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First Known Use of heat

Verb

before the 12th century, in the meaning defined at intransitive sense 1

Noun

before the 12th century, in the meaning defined at sense 1a(1)

History and Etymology for heat

Verb

Middle English heten, going back to Old English hǣtan, going back to Germanic *haitjan- (whence also Middle Dutch hēten "to make warm," Old High German heizen, Old Norse heita "to make hot, brew"), derivative of *haita- "having a high temperature, burning" — more at hot entry 1

Noun

Middle English hete, going back to Old English hǣtu, going back to Germanic *haitīn- (whence also Old Frisian hēte "high temperature, heat," Old High German heizi), noun derivative from *haita- "having a high temperature, burning" — more at hot entry 1

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Statistics for heat

Last Updated

27 Aug 2019

Look-up Popularity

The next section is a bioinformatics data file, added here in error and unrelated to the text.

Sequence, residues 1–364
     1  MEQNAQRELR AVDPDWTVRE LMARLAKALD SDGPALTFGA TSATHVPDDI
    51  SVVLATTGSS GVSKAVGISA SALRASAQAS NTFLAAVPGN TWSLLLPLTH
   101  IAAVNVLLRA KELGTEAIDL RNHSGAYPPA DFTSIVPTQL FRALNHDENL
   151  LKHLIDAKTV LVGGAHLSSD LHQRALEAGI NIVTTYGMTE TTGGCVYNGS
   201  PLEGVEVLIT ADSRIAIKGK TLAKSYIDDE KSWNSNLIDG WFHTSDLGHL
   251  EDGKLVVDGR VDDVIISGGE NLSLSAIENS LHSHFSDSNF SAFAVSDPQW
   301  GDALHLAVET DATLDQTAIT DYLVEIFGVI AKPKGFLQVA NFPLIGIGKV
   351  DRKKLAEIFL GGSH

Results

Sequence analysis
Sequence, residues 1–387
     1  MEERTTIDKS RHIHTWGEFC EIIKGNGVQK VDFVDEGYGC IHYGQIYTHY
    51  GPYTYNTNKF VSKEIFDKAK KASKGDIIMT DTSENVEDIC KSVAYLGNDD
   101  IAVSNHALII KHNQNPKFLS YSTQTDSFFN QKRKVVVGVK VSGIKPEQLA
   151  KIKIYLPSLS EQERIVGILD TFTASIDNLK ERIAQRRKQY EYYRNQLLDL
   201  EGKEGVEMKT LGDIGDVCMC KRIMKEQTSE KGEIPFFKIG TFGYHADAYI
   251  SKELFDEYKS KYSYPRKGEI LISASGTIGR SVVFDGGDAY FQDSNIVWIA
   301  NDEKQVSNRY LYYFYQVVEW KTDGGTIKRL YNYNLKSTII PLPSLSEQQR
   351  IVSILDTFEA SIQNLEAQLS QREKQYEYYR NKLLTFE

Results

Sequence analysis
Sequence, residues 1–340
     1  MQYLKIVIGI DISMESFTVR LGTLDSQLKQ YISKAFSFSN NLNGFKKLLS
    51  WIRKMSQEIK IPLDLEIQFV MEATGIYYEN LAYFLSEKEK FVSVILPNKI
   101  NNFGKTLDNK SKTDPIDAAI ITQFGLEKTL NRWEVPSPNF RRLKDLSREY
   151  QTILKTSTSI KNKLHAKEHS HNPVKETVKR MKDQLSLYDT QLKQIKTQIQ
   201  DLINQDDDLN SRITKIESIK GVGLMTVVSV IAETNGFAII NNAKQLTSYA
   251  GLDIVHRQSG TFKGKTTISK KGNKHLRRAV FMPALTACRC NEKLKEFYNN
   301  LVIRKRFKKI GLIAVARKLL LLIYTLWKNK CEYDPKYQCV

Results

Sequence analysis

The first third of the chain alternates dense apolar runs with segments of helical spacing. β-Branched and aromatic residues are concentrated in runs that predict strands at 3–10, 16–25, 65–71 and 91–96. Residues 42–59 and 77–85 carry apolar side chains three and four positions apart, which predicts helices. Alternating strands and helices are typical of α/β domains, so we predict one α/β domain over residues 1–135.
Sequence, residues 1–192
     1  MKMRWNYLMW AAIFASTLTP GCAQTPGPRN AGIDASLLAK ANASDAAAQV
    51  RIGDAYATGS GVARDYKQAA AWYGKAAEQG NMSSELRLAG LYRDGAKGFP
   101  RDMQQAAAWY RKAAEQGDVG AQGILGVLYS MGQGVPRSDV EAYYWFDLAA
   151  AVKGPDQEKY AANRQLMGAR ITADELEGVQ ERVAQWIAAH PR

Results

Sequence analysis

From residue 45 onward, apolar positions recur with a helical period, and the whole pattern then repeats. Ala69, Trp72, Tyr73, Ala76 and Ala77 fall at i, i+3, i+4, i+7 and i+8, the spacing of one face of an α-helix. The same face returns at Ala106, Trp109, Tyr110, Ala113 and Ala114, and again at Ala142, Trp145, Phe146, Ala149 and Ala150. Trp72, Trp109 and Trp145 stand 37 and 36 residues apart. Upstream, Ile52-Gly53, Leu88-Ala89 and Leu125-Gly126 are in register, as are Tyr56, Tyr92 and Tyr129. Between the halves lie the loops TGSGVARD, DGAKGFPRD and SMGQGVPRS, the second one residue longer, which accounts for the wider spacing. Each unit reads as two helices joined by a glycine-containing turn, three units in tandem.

Time Traveler for heat

The first known use of heat was before the 12th century

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More Definitions for heat

heat

verb

English Language Learners Definition of heat

 (Entry 1 of 2)

: to cause (something) to become warm or hot

heat

noun

English Language Learners Definition of heat (Entry 2 of 2)

: energy that causes things to become warmer
: hot weather or temperatures
: the level of temperature that is used to cook something

heat

verb
\ ˈhēt How to pronounce heat (audio) \
heated; heating

Kids Definition of heat

 (Entry 1 of 2)

: to make or become warm or hot

heat

noun

Kids Definition of heat (Entry 2 of 2)

1 : a condition of being hot : warmth We enjoyed the heat of the fire.
2 : hot weather heat and humidity
3 : a form of energy that causes an object to rise in temperature
4 : strength of feeling or force of action In the heat of anger, I said some cruel things.